As GDPR turns two and with CCPA live, it's time to talk about data privacy at work

Profile picture for user Raju Vegesna By Raju Vegesna September 9, 2020
Summary:
Much of the discussion of GDPR and CCPA focuses on consumers, but data privacy is also an issue for employees, writes Zoho's Raju Vegesna

Network and data protection concept with padlock and switch © asharkyu - Shutterstock
(© asharkyu - Shutterstock)

A few months ago, the General Data Protection Regulation (GDPR), Europe's stringent and ambitious law protecting data privacy, turned two years old. While many companies have accepted the law as a sign of changing times, others seem to be doing the bare minimum to adhere to its requirements, especially those whose business models are built around selling and trading user data. 

GDPR's reach extends beyond Europe, affecting any company that does business with European citizens or businesses. California's landmark Consumer Privacy Act (CCPA) took effect at the beginning of 2020, even as Google and others attempted to weaken its language and create exemptions for their own financial gain. While the legislation is a big step toward educating everyday people on the ins and outs of how and when their data is being used, few think about how their online activity at work may also have implications for their personal data privacy.

In both GDPR and CCPA, fines have been rare and when they do occur, relatively cheap. Until the fines and the monetary implications become more severe for tech companies, data privacy, particularly employee data, hangs in the balance.

Take, for example, a common situation in which employees use a communication app to chat with team members and other colleagues. In most cases, people at the decision-making level are not transparent about the fact that, even if employees think they are having a private conversation with a colleague, they may be exposing the content of their messages, their usage data, personal information, or all three, based on the communication app's privacy policies. If you look at the fine print in the privacy policy of Slack, for example, employers are permitted to access 'private' colleague-to-colleague messages, without having to notify employees.

Another way customer data is made vulnerable in B2B exchanges has to do with trackers. Companies that pay for advertising want to know whether their investment in outside marketing is translating to leads and increased traffic. This is why most software vendors work with third-party tech companies like Google, Facebook, Twitter and LinkedIn, among many others, to get analytics data on their customers, users, and prospective customers. This quid-pro-quo between businesses is problematic, and hopefully we are moving toward a future in which vendors hold their customers' privacy above benefits wrought from tracking and exchanging their behavior.

It's one thing to track the personal online activity of a user; however, it's entirely different to deal in the personal data of an unsuspecting employee who is using a service or software as a core function of their job.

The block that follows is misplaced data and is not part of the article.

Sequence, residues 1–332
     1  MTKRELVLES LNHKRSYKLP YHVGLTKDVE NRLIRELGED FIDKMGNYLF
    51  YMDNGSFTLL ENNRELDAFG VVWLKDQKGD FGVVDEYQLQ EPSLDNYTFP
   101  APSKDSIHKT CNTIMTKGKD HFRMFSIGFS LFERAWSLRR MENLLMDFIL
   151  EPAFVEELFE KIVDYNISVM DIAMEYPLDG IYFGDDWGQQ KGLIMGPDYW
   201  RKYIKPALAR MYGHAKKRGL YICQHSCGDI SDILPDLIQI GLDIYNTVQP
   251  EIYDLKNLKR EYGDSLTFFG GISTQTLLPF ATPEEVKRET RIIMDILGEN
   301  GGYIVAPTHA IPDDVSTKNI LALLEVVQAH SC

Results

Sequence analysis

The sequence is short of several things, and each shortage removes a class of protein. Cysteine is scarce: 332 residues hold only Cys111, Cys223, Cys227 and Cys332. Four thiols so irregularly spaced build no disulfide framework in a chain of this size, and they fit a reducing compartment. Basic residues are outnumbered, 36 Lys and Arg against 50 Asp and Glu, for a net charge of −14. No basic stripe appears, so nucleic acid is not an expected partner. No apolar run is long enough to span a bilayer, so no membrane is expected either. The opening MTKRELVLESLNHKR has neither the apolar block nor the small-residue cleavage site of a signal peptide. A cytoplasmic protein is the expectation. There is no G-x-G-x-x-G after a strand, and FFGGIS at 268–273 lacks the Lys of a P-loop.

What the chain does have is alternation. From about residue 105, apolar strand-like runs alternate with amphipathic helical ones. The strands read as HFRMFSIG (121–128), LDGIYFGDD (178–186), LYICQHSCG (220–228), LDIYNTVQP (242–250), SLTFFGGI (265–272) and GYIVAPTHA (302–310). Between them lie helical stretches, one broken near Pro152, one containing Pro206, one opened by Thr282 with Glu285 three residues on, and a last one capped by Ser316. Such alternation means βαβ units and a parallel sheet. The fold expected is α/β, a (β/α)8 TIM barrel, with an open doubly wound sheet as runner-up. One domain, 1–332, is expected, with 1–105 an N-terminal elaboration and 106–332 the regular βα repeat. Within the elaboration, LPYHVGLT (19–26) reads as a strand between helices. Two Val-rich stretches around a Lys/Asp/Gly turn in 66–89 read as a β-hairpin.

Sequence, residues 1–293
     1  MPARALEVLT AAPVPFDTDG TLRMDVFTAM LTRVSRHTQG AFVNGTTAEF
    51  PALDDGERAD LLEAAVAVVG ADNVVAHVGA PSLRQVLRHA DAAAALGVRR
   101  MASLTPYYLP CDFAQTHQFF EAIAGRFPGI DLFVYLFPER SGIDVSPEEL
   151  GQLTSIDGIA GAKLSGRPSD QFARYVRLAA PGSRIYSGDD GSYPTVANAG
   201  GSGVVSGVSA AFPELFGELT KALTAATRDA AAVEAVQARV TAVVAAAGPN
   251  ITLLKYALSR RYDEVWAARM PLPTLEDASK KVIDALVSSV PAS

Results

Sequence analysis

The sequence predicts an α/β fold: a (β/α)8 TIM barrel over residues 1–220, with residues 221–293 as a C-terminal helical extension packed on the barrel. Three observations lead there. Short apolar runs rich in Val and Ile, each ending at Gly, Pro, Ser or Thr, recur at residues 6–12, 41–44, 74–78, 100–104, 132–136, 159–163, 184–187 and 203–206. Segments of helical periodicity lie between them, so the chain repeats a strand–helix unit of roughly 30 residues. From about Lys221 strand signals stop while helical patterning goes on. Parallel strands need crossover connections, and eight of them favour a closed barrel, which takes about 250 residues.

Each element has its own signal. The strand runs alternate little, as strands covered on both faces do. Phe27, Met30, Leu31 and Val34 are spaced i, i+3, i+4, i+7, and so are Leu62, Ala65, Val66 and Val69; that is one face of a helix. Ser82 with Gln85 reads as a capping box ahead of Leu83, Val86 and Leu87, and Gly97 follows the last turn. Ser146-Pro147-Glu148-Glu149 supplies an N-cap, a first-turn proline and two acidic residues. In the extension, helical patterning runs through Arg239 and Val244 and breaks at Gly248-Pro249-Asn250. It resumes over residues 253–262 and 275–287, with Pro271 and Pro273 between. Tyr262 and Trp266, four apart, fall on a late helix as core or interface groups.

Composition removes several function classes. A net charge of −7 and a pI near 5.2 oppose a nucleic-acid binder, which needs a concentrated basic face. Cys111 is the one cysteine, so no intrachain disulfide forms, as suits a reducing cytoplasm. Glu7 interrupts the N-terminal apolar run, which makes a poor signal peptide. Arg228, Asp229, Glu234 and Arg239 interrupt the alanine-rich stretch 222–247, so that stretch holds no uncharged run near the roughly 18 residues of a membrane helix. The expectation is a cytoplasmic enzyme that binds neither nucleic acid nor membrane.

What is the solution?

For employees looking to protect their data and privacy in the workplace, there are a few questions they can ask their employers: 

  • Are third-party privacy policies easy to understand? In most cases, not really. Taking a look at Zoom's privacy policy, for example, requires lots of time and the ability to understand some fairly technical jargon. Further, some of the actual policies can be alarming. For instance: "[Zoom] Products do not support Do Not Track requests at this time, which means that we collect information about your online activity both while you are using the Products and after you leave our properties." This is obviously concerning for workers who are forced to use Zoom at work but would prefer that the company not track their online activity "after you leave their properties."
  • Does your employer pledge to keep employee data private? A recent Gartner survey found that more than half of companies used "nontraditional monitoring techniques" to track employees. In addition, when employees use apps such as Twitter while at work, they may be divulging information on how and when they use other common workplace apps, such as Salesforce or Zoom.
  • Does your employer use apps that don't collect consumer data? While some apps only collect data that's necessary for them to work effectively, others clearly take the practice to another level by unnecessarily tracking things such as online activity.

The bottom line is, if the U.S. wants to continue without considerable oversight — something like Europe's GDPR — companies need to be more forthcoming about how their third-party partnerships are mining data from employees without them knowing. 

Further, if today's businesses don't take action when it comes to privacy, they face many potential risks, such as losing key employees and damaging their company's reputation. On the flip side, educating employees in good faith has a number of benefits for business owners, such as attracting talent and building trust with their workforce.

Everybody wants to work for a company that is open and honest about how data and privacy may be affected when on company time, but employers and employees need to work together to ensure success.